Faculty Feature: Emily Wessel is all about Breakdancing!

Emily “Incognito” Wessel has been teaching breakdancing classes for both adult and youth students at JOMDC for the past three years. We sat down with her for a short interview about her classes, teaching experience and more!

What makes your classes unique?

Intro to Breakdance (bboy/bgirl) is a unique class because it gives students at any experience level, age or ability the opportunity to experience a style of movement that is both challenging and popular in today’s culture. More importantly it is a style of dance that is not always easy to access quality education in at a level that works for them. We work on moves from various toprock styles, footwork techniques and basic freezes in the very first class, but keep the curriculum at a level that works for everyone to keep in line with JOMDC’s important mission of “Dance is for Everyone.” Of course, acrobatics and other trick moves often seen in this dance are reserved for more advanced classes, students are often surprised that there are quite a few foundational moves in bboying/bgirling (breakdance) that they can get right away. At the very least a student in this class will experience a great workout, challenge their creative spirit and be introduced to a whole community of dedicated people right here in the DC Metro Area that love hip hop, funk and house dance culture.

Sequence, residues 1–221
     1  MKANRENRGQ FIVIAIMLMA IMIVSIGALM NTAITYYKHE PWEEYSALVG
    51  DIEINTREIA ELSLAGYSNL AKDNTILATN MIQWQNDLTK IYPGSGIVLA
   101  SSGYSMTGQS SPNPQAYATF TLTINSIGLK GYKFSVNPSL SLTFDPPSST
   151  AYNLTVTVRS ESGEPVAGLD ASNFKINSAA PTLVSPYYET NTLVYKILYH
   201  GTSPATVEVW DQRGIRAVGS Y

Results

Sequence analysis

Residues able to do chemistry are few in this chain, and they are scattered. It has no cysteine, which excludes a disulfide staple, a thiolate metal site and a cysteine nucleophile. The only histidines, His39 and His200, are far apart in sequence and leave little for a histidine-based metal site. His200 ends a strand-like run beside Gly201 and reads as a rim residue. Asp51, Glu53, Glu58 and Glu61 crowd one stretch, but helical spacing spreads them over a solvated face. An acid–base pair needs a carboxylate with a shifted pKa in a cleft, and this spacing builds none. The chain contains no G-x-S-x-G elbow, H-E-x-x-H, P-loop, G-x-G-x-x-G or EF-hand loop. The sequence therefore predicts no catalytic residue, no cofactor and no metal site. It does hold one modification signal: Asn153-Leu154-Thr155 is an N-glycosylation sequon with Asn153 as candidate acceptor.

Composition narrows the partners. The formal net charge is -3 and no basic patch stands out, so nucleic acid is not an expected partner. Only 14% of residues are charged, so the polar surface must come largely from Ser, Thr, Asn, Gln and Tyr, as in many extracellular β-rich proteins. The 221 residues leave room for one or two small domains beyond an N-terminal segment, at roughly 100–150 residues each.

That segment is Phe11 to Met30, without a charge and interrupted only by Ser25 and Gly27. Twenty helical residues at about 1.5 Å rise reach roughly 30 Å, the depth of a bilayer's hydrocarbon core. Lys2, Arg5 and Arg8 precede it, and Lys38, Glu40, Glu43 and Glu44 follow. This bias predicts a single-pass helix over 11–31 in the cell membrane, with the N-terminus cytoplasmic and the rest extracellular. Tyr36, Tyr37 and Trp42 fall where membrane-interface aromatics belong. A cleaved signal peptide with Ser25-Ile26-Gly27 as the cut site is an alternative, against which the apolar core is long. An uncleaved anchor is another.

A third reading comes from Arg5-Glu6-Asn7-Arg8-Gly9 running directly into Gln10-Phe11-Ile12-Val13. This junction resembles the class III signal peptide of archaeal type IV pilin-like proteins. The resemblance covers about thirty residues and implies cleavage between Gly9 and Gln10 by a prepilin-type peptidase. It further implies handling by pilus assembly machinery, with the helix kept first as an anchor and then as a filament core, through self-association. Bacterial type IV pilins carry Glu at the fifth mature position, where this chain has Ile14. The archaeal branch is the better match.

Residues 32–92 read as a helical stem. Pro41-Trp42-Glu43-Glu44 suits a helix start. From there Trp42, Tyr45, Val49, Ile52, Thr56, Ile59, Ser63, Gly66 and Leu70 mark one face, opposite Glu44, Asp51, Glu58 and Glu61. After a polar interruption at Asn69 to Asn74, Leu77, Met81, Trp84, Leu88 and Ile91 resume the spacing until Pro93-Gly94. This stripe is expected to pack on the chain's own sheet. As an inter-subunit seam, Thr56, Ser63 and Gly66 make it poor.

What is your teaching philosophy? 

My teaching philosophy has always been based on a sense of community and participation. Many people feel that breakdance (bboy/bgirl) or hip hop culture is exclusive and have a hard time feeling comfortable finding their place, even though they often have a great love and respect for the music and art. From the very start, I wanted to give access to anyone who was curious or attracted to the culture, music and movement without judgment of their previous experience. We are all creative spirits and can all contribute something beautiful to the culture and history of this dance if given the tools to do so. I feel that everyone who is willing to learn and practice should have those tools available to them. Where you are from, what you do for a living, what you look like or who you know should never be a pre-requisite for dance and if you find yourself in one of my classes you will feel a warm and welcoming community that only wants to spread the knowledge that has been so humbly shared with us over the years.

Please share with us special moments in your teaching career.

Many of my youth students have grown up and are now taking on a more professional role in the dance community. It is always an honor to perform with a past student and to see their hard work pay off when they do an amazing job in a battle or on stage.